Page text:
Though some view carbs as evil, and an increasing number of people swear off gluten, bread continues to be a staple in countless households across the country. Unfortunately, the substance passed off as bread at the grocery store barely qualifies as, well, bread.
Bread has dirty secrets
Commercially produced bread has dirty secrets. For one, the spongy texture lacks the character of bread produced by the hands of a talented baker. Real bread is not supposed to be a fine-textured spongy substance that balls up behind one's teeth; it should have lightness and a tender crumb that melts in the mouth when toasted. It should soak sauces and soups with vigor. It should resist being pulled apart and separate in irregular, rugged chunks.
An excessively long list of ingredients is another dirty secret of commercial bread. Flour, water, yeast and salt are the only ingredients required to make the many types of breads, including French baguettes. Rich ingredients like butter, milk and eggs may be included in the party to make a loaf softer, moister and richer. Yet, even the most basic of commercial breads proudly feature ingredients that sound like they belong in a science experiment, not in the mouth.
The list of ills goes on and on, but one more deserves a mention. Actually, it is more of a question: Why does commercial bread resist mold for an alarming period? Some bread stays "good" for weeks, or even months, especially burger and hot dog buns. It should cause pause for thought about what the chemicals do to the human body.
1. Fresh bread is one of life's little pleasures
Few aromas are as intoxicating as that of fresh bread, in fact, there is nothing that compares. Cookies, cakes and homemade pasta sauce are close, but do not permeate the home like bread. The scent never gets old and it never goes rancid.
Beyond the aroma, the flavor of freshly baked bread fresh from the oven borders on divine; it is a fleeting flavor that lasts less than an hour. Even rewarming or toasting cannot replicate the taste of a slice of bread, fresh from the oven.
2. Commercial bread is loaded with junk ingredients
As previously mentioned, commercial bread is laden with unnecessary ingredients that some experts say are unfit for human consumption. Worse yet, many of these compounds come from GM (genetically modified) foods or a laboratory. High on the list of offensive ingredients are high fructose corn syrup and soy or canola based vegetable oils.
There are many problems with GM foods, from the fact that most receive heavy chemical dousings of glyphosate-based herbicides to the fact that many studies indicate loss of fertility and cancer are some of the negative results of consuming GM foods.
3. The cost to make a loaf of bread is usually less than $.50
Commercial bread typically costs two to five dollars. While businesses are certainly entitled to make a profit, the margins on bread are outrageous. Families that eat through several loafs a week could save a good chunk of money on groceries by making it at home.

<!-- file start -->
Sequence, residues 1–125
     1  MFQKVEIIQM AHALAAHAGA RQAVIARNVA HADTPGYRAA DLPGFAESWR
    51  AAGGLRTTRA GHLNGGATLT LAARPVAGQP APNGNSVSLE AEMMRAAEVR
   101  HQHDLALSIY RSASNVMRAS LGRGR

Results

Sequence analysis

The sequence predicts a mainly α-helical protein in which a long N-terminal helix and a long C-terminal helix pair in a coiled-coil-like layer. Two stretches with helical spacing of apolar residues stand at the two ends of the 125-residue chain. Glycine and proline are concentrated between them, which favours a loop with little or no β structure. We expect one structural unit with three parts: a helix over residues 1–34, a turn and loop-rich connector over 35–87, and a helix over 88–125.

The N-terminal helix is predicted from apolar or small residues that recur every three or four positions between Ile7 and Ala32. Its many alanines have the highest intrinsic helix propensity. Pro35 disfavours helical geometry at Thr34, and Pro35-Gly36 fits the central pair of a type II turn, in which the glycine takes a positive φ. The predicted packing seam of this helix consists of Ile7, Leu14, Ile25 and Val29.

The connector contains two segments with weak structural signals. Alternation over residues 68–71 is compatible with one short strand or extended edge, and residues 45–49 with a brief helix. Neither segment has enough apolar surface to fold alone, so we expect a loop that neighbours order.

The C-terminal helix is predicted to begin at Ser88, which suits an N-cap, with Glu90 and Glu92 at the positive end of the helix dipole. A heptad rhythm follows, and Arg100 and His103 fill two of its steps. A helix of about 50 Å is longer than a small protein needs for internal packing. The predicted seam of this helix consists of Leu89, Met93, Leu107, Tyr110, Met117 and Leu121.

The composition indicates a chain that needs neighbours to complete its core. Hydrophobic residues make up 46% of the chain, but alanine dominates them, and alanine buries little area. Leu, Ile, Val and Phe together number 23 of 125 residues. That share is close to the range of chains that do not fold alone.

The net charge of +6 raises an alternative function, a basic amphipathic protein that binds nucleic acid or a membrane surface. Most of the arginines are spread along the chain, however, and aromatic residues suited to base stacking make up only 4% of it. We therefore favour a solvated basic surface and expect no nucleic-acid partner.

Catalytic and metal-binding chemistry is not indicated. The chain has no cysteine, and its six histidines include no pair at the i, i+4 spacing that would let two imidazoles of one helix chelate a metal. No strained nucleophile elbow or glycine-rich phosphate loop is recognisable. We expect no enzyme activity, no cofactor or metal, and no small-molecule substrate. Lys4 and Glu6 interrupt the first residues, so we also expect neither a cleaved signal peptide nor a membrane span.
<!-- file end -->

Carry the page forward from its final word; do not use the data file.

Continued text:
4. Imagine all the varieties
Commercially produced white bread is rather boring. Sure, there are many flavors available, from sprouted whole grain to cinnamon swirl to nut and honey-infused and beyond, but the fancier the bread, the higher the price. On the other hand, the cost of homemade bread varies little from basic white bread to cheesy jalapeno garlic bread.
Making bread at home means flexibility. Having spaghetti and meatballs? Whip up a loaf of garlic-herb bread. Want a distinctive breakfast to surprise the family on a weekend? Bake up a cinnamon-walnut loaf and make French toast.
5. Stable conditions for recipe development
Bread is the result of fermentation, which is a finicky balance between yeast, sugar, gluten and salt. A perfect loaf demands stable temperatures and some consistency with humidity.
For serious bakers, a bread machine offers something that is almost impossible to find in the home -- stable conditions in which to play with recipes. These machines provide consistent temperatures and consistent proofing cycles, both of which make yeast very happy. With these two crucial factors under control, bakers can focus on dialing in proportions and choosing the best ingredients. People who prefer to shape and bake a loaf manually can still do so, by using the dough cycle or by pulling the dough before the bake cycle begins.
When choosing a bread machine, focus on a few factors:
- Loaf size
- Types of cycles available
- Control over crust color
- Self-programmable cycles
Inexpensive one-pound machines are some of the least useful machines. Loafs are disappointingly small; the cycles are limited, and the shape of the loaf is decisively cube-like. It is not a look most people find suitable for a peanut butter and jelly sandwich. Two to two-and-a-half-pound machines that produce longer, narrower loafs are usually a solid investment because they make familiar looking bread and a large enough loaf to last for a day or few.
Several manufacturers produce good quality machines, notably Cuisinart and Brylane Home. Brylane Home's bread machine is a good starting point because it produces rectangular loafs, has many cycles and comes with an uncommonly friendly return policy. The instructions do not include recipes, but recipes are simple enough to come by. In the coming weeks, this column will share delicious recipes developed for this machine. Amazon also offers the machine, so there are other options for buying this machine.
After cutting into a loaf of freshly baked bread and lavishing the hot slice with copious amounts of butter, there is no turning back. Commercial bread will forever be dull, lifeless, overpriced and a pathetic compromise in food choices. Do yourself a favor and purchase a good bread machine for your home -- it could change your life!